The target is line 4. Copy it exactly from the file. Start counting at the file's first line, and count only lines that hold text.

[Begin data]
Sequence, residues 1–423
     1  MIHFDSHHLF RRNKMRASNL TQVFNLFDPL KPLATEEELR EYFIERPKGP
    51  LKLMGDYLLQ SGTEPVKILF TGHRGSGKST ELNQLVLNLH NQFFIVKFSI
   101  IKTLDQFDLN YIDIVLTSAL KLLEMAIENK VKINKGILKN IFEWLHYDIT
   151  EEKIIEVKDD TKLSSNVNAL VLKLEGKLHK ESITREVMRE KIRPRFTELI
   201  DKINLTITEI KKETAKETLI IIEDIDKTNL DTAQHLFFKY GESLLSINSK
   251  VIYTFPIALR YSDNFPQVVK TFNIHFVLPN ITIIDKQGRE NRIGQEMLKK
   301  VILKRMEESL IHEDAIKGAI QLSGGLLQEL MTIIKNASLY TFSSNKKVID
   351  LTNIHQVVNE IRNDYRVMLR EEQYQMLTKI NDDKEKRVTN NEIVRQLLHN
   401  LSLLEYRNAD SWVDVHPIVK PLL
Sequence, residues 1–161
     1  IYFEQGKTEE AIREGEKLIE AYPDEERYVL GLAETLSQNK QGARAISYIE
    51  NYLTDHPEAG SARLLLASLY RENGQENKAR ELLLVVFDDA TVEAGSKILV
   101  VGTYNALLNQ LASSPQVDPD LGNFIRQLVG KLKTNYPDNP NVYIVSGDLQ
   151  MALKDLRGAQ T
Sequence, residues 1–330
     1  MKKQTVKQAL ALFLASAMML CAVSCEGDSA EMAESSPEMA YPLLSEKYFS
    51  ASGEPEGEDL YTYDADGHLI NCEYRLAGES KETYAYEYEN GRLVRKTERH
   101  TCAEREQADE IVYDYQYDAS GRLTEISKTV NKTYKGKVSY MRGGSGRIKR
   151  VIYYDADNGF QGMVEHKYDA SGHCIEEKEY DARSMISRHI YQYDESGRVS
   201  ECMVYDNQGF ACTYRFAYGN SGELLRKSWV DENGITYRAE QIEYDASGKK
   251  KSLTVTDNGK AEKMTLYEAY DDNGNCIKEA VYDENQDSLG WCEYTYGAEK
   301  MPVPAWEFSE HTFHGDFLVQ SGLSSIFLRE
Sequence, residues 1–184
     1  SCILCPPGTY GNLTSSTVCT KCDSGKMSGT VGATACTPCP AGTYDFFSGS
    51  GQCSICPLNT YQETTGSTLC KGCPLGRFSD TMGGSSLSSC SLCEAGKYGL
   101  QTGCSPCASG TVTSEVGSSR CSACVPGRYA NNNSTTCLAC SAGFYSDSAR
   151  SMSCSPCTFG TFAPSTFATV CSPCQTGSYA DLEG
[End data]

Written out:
   101  IKTLDQFDLN YIDIVLTSAL KLLEMAIENK VKINKGILKN IFEWLHYDIT